Saturday, October 04, 2008

Learning from students

Here is a tip from the New York Times to you... You want to know about the culture and climate of the campus where you are applying to work? Check out

Unigo is a website collection of students' reviews of different colleges. Students submit written reviews of their campuses, outlining problems (parking and food are the common complaints) and strengths (e.g., attractive campus, school spirit, diverse campus). There are also pictures from campuses and video interviews with students.

Developed for students trying to decide where to go to college, the Unigo website is a good resource for academics. Administrators can find out about issues on our own campuses that we might want to address, and prospective applicants for positions can learn about schools before we apply to work there.

After a quick review of comments from my current and former schools, I would say that many of the comments are on the mark. And you can actually search for specific kinds of students (by major, race, gender, political leaning, and whether the student was a transfer student), if you want to know more. Further, you get a sense of some of the students you will be teaching.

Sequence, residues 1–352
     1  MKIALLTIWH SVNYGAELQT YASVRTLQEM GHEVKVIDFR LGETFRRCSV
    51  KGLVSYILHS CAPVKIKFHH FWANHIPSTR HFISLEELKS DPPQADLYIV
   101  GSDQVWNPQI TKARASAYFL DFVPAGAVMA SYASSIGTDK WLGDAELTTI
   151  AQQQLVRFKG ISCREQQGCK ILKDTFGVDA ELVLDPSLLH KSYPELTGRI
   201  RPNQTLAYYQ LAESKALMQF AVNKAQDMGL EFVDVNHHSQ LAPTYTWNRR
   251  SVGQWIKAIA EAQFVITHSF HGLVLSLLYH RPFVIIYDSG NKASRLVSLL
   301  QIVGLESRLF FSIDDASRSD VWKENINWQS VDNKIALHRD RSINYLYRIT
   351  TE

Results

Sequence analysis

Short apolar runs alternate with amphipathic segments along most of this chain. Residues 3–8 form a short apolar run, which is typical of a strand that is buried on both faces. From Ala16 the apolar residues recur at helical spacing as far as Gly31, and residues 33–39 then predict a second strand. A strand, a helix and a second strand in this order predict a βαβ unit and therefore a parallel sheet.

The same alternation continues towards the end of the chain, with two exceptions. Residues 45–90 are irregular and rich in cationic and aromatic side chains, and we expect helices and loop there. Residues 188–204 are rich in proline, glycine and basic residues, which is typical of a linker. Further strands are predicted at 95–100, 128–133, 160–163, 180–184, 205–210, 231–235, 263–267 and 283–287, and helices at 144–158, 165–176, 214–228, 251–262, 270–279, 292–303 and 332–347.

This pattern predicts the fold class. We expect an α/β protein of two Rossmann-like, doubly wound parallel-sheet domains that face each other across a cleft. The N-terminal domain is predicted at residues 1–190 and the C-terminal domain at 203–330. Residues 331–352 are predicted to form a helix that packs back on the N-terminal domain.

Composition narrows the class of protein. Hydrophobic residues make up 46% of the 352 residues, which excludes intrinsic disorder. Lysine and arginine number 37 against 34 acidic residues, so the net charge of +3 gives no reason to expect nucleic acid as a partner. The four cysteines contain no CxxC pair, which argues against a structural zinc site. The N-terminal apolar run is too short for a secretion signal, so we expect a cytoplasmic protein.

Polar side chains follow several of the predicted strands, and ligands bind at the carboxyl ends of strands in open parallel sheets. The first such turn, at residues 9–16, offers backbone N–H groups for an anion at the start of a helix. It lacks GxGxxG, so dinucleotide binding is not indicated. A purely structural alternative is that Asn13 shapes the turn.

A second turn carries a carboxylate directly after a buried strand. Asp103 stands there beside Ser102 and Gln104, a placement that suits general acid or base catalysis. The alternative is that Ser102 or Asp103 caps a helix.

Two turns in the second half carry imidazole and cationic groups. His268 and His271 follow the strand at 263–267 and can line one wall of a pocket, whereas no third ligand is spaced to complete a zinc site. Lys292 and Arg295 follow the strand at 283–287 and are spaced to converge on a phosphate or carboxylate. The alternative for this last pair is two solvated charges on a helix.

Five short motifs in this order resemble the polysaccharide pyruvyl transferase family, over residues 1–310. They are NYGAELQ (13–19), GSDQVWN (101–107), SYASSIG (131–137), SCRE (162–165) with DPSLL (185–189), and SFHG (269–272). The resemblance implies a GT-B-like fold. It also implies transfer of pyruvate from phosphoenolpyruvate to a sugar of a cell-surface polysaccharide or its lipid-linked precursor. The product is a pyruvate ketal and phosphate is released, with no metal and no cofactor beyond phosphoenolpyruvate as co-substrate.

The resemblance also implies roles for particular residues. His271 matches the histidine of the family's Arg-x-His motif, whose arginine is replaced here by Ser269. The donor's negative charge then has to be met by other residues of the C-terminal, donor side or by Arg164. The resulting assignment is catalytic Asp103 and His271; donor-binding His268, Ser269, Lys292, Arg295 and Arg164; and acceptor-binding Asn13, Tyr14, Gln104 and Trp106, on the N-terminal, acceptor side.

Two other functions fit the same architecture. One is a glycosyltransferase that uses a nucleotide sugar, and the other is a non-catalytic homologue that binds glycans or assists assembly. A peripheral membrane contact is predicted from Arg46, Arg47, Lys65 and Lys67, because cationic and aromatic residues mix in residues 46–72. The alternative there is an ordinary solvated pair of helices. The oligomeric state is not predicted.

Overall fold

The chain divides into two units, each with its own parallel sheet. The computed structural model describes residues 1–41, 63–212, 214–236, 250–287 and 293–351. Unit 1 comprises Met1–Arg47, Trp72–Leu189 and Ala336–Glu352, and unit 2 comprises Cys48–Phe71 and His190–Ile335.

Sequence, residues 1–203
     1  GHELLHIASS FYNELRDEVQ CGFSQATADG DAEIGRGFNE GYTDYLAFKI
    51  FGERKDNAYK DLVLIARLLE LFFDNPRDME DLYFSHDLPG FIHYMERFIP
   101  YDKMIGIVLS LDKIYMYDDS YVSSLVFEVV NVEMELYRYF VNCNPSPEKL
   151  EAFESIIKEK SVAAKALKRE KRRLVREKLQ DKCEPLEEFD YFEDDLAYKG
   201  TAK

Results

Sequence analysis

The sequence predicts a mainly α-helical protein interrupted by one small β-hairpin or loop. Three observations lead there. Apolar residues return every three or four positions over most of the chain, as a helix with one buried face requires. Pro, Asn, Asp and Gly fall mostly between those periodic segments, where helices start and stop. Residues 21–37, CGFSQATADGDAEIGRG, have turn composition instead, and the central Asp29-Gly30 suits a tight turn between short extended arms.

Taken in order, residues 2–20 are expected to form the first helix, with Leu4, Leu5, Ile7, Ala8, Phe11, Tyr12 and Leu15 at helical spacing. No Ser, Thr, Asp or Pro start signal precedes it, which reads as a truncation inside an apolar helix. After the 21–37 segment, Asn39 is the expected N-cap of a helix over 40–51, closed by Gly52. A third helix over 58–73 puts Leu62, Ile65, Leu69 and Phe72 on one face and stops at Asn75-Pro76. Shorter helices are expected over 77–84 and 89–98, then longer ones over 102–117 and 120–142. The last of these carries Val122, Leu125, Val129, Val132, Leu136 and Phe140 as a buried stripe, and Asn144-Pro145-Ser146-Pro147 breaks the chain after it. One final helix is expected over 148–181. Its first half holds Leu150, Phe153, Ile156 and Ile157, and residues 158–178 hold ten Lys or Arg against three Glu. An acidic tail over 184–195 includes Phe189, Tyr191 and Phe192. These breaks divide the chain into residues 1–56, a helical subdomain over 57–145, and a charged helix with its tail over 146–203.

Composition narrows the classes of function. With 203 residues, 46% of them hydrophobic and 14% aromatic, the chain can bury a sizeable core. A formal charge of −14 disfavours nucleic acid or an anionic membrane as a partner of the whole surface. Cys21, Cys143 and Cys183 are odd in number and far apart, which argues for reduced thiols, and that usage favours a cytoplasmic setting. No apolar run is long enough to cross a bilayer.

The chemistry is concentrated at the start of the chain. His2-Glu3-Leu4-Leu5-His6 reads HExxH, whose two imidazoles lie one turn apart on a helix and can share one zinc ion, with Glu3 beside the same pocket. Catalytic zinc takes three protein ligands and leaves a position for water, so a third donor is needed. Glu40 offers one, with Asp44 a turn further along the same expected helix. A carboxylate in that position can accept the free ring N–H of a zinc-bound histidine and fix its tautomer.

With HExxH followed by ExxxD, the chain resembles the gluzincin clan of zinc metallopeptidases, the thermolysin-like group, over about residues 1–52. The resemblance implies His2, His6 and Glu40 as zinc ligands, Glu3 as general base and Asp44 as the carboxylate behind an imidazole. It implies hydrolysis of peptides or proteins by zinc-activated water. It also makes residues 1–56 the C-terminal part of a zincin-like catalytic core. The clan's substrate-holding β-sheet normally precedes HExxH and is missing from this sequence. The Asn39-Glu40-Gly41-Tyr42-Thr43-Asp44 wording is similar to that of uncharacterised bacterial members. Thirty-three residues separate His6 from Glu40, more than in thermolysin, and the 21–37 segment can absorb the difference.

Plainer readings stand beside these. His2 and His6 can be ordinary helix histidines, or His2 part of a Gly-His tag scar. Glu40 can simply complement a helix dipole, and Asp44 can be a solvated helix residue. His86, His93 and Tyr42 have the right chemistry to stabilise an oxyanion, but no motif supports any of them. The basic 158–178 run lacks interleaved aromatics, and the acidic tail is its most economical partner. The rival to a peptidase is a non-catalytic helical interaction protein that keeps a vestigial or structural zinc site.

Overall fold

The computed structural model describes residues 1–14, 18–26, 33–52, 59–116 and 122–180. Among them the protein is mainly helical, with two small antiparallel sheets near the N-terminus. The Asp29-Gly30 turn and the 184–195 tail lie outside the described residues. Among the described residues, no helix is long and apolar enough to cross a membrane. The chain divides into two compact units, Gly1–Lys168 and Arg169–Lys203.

My interest in this website may reflect my own predilections. I also like reading "rate my professors" entries for schools where I have worked, and those I am considering, as well. While I know that students who have gripes are more likely to write on RMP, I have found that there seem to be themes that tend to reflect accurately on the faculty. These student videos and blog entries on Unigo offer some real insights into student life, beyond the marketing brochures and catalogs offered by the school and the rosy pictures offered by current faculty who want you to take the job. If you can overlook some errors in grammar and spelling, you ought to add this tool to your job search process. All information is useful, right?

Check it out!

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